Along with Homeland Security Secretary Janet Napolitano and Environmental Protection Agency Administrator Lisa Jackson, Salazar was traveling to the Gulf Coast on Friday to inspect ongoing operations and to evaluate the environmental impact of the April 20 explosion.

The officials will conduct an aerial tour of the affected area and meet with federal, state and local officials leading the response effort.

DHS officials declined to comment on the cause of the blast and referred to DOI's statement. 

But Elmer Danenberger, who retired in January as the head of offshore regulatory affairs for the U.S. Minerals Management Service, said the investigation into one of the biggest oil spills in U.S. history will center around what happened just before the blast, as workers finished pumping cement between the well pipe and a hole bored into the ocean floor. The process is intended to prevent oil and natural gas from escaping, he said.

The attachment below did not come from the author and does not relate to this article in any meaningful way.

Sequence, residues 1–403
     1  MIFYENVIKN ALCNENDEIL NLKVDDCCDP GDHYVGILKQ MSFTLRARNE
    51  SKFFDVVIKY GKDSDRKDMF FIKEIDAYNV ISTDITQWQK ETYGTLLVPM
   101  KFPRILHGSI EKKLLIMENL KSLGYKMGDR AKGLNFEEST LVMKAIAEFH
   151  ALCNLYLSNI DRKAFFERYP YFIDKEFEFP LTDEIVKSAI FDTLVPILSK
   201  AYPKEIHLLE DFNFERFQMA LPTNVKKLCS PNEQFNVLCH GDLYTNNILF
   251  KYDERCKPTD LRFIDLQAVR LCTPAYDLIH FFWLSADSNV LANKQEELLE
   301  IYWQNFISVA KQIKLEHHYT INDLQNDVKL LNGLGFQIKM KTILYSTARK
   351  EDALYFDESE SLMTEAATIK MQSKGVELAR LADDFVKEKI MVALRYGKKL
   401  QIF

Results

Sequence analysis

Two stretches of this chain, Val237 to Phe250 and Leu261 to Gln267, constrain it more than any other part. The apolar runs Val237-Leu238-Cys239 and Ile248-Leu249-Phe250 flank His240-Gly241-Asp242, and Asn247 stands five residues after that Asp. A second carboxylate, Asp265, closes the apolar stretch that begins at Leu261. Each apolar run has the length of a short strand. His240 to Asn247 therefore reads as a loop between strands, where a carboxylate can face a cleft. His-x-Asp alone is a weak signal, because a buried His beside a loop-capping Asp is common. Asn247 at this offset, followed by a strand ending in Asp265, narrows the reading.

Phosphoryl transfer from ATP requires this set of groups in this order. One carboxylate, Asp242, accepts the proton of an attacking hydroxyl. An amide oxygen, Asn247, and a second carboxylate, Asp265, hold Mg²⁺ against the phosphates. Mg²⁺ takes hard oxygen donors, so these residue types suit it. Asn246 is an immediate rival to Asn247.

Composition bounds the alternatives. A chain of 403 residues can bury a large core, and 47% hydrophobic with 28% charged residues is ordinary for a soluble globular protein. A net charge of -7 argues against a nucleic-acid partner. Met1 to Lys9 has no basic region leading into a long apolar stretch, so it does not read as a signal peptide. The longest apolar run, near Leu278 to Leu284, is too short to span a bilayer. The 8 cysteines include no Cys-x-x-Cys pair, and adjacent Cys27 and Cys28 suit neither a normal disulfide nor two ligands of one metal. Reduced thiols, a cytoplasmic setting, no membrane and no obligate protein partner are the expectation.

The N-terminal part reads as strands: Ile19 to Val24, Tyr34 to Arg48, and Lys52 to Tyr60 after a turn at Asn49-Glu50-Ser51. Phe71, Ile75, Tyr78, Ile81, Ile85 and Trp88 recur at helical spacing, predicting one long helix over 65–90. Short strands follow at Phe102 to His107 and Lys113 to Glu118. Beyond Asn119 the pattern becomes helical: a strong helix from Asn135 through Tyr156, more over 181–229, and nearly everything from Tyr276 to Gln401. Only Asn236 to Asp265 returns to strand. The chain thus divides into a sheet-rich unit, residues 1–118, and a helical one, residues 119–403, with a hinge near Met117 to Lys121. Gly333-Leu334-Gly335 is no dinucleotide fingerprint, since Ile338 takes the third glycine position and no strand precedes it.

"That's what [investigators] said the operation was just prior to the blast," Danenberger said. "Now, how much prior we don't know. Investigators will be all over those issues."

Danenberger said it appears "to be the consensus" among drilling experts that a poor cementing job probably led to the blowout -- when oil and natural gas exit a well with extreme force.

"They're going to be focusing on the root cause, how the oil and gas were able to enter the [well] that should've been secured," he said. "That will be the primary focus, how the influx got in to the [well]."

Cementing operations could benefit from additional inspection standards, Danenberger said, adding that cementing incidents remain too common.

According to a 2007 study by three U.S. Minerals Management Service officials, cementing was a factor in 18 of 39 well blowouts in the Gulf during a 14-year period, making it the single largest factor, the Wall Street Journal reported. Equipment failure and pipe failure were the next leading factors.

"There has been a history of gas influxes during cementing operations, so that is an area of concern, but nothing is confirmed," Danenberger said. "But perhaps additional standards are necessary for cementing operations."